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Simple, Beautiful, and Affordable: Everyday Wares from the Salvation Army Enterprise Others

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Simple, Beautiful, and Affordable: Everyday Wares from the Salvation Army Enterprise Others

January 29, 2024

Ever heard of the Salvation Army’s online shop Others? We hadn’t either. But the global social enterprise—offering quietly beautiful, artisan-made household objects—is now celebrating its 25th year. “Creating work for those with limited opportunities” is the group’s M.O.

“Our key goal is to create jobs and, in that way, contribute to empowerment and poverty alleviation,” explains Others’ general manager, Bo Christoffer Brekke. That includes “self-help groups focusing on women’s opportunities in Kenya; a production center in Bangladesh with our own sewing, handloom, and woodwork sections; and also partnerships with Salvation Army projects working with sex trafficking victims.”

In addition to applauding the ideas behind Others—including fair working conditions and wages, and the use of natural, sustainable materials—we admire the actual work being produced. A Scandinavian simplicity and notable sense of restraint runs through the home collection, which, we discovered, is no coincidence: All are created under the guidance of Oslo, Norway-based design director, Ellen Skaar, who says that minimalism appeals to the Salvation Army’s far-ranging markets.

“We usually start with the producer when designing: which production groups do we know need more work, what are their skillsets, and what are the available tools and materials?” Ellen tells us. “Some of our artisans come from a tradition of handicraft and are very experienced; some have just been trained to make a specific product. Our largest group are women who need to work from home. Small products requiring little equipment are perfect for this.”

Here are 10 of our favorite items from the Others USA online shop. Prices, you’ll notice, are very reasonable, and revenue gets funneled to the makers and to the nonprofit’s future projects.

all cotton dishcloths in natural and dusty green are \$\13 for the two. a simil 17
Above: All-cotton Dishcloths in Natural and Dusty Green are $13 for the two. A similar looking Knitted Green Potholder is $11.

The name Others comes from a telegram Salvation Army founder General William Booth sent to remind his officers of the reason for their work: it contained the single word “Others.”

striped aprons in blue and white or red and white, \$\18, are made of \100 perc 18
Above: Striped Aprons in blue and white or red and white, $18, are made of 100-percent cotton hand-woven on traditional looms in Jashore, Bangladesh. “We have a weaving unit; it’s a traditional craft for men as it is quite heavy,” says Ellen.

a blue children&#8\2\17;s apron is \$\13.\25. &#8\2\20;in bangladesh ,  19
Above: A Blue Children’s Apron is $13.25. “In Bangladesh [where the apron is made], we weave many of our fabrics ourselves, and also buy leftover materials from the garment industry,” says Ellen. “We are working to secure that our raw materials and dyes are all organic, to utilize waste material, and minimize our packaging.”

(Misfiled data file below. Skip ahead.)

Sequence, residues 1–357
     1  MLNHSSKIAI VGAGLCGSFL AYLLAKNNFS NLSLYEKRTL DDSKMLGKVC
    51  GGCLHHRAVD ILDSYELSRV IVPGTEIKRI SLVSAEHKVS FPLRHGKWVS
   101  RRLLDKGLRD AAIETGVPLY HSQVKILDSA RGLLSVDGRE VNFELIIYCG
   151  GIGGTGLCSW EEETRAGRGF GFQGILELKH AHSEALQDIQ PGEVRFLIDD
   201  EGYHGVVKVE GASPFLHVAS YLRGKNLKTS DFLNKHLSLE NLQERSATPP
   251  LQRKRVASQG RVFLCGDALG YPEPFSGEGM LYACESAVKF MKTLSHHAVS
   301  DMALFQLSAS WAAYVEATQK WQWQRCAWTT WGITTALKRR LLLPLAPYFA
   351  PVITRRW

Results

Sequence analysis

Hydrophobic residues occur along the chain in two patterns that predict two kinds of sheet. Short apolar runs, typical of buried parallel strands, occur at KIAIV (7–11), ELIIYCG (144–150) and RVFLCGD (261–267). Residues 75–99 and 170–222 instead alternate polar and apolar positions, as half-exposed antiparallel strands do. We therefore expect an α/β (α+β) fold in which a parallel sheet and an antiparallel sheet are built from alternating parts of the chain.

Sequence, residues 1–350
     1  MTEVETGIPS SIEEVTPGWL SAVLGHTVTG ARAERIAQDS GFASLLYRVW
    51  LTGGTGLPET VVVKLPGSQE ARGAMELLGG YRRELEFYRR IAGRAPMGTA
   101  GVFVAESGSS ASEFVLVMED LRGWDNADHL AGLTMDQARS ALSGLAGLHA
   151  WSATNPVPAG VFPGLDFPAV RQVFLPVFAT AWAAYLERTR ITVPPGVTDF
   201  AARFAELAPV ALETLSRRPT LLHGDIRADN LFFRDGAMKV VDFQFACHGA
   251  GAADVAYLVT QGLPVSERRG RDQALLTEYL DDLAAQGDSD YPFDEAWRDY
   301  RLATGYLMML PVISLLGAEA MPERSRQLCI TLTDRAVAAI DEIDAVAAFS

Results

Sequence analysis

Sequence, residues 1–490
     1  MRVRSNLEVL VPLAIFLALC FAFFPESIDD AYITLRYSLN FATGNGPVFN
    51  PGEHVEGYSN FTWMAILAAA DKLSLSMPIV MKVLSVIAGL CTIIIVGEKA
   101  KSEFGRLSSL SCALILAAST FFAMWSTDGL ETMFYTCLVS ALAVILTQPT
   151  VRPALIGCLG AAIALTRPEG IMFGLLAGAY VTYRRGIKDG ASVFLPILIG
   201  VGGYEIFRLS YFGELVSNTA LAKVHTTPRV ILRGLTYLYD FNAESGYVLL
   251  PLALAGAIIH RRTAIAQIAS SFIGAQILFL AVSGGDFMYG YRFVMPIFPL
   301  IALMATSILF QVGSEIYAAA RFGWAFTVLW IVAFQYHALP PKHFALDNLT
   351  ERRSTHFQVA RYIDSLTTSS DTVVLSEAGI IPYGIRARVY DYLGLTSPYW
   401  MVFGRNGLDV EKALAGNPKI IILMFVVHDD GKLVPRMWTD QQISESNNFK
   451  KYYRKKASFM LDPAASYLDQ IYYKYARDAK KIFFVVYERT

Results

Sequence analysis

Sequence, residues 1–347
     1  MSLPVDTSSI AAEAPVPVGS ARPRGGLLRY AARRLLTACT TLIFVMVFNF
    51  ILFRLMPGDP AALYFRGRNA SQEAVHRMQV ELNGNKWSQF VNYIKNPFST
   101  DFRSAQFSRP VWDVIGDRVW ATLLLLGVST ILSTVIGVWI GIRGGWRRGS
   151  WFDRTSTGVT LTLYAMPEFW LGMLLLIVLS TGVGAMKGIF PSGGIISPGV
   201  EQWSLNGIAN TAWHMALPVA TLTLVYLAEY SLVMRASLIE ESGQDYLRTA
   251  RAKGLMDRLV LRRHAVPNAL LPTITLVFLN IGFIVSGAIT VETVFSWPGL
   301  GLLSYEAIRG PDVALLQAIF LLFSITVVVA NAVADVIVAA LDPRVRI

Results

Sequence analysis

Oven mitts, $13 for large, $9 for small, are stitched from apron leftover scrap material.

hand carved wood cutlery in a bag is \$\23.50. 22
Above: Hand-carved Wood Cutlery in a Bag is $23.50.

Woven jute designs are made in Khulna, Bangladesh: Others artisans are “involved in all steps of the process from harvesting the fibers to washing, drying, and braiding the final product,” notes Ellen. Above L: Rectangular Jute Placemats are $16 each. Above R: Round Jute Placemats are $13 each.

Above: A Cotton Tablecloth with Hand-Embroidered Gray-Green Edges, 60-by-100 inches, is $46. “The fabric is hand-loomed at our workshop in Jashore, Bangladesh,” says Ellen, “and the embroidery is done my hand, usually in the homes of our artisans.”

sets of two hand embroidered cotton napkins are \$\16.\25 and available in whit 25
Above: Sets of two Hand-Embroidered Cotton Napkins are $16.25 and available in white with red or dusty green stitching, and a pinky beige with white stitching.
two piece wooden trivets come in sets of two for \$9. they&#8\2\17;re made  26
Above: Two-piece Wooden Trivets come in sets of two for $9. They’re made by skilled carpenters in the Salvation Army’s workshop in Jashore, Bangladesh. “We use sustainably sourced local wood called Gamari and Albizia Saman,” says Ellen. “It’s typically grown in yards and by roadsides, and sold when a family needs an extra source of income.”
all cotton gradient tea towels with hanging loops are \$\15.\25 for two. 27
Above: All cotton Gradient Tea Towels with hanging loops are $15.25 for two.

Last year, Bo reports, Others worked with approximately 800 artisans in Bangladesh and Kenya: “We see that most people use the income from production work to pay for their children’s education and to purchase livestock and equipment for establishing their own small businesses.”

Go to Others Trade for Hope to see the full line.

For Appalachian artistry, see Crafts and Kinship: Broom-Making, Weaving, and More at Berea College in Kentucky.

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